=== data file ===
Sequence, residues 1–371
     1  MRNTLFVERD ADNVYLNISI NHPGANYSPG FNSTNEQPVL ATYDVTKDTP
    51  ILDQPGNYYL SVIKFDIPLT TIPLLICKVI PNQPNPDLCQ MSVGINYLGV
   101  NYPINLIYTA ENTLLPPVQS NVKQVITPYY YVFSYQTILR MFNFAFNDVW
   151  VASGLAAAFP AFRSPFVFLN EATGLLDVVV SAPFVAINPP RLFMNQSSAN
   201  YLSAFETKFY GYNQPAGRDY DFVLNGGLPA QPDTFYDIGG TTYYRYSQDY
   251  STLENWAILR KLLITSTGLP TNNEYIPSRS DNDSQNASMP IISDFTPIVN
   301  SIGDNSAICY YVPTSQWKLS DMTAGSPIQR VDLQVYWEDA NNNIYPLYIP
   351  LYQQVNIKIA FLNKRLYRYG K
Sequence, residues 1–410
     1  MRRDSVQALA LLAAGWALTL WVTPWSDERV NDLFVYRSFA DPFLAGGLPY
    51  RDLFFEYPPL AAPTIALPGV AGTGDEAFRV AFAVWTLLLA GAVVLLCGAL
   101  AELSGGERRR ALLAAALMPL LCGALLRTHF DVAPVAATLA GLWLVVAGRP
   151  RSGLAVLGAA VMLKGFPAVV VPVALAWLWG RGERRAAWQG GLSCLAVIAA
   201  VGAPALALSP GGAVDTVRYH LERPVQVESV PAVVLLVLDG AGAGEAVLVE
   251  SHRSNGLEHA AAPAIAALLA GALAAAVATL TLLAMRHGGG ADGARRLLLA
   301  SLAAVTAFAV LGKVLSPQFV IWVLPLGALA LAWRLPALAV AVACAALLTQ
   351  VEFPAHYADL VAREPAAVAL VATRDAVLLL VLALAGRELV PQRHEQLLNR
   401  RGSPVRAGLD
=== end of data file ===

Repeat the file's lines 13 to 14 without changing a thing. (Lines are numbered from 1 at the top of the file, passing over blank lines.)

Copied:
   101  AELSGGERRR ALLAAALMPL LCGALLRTHF DVAPVAATLA GLWLVVAGRP
   151  RSGLAVLGAA VMLKGFPAVV VPVALAWLWG RGERRAAWQG GLSCLAVIAA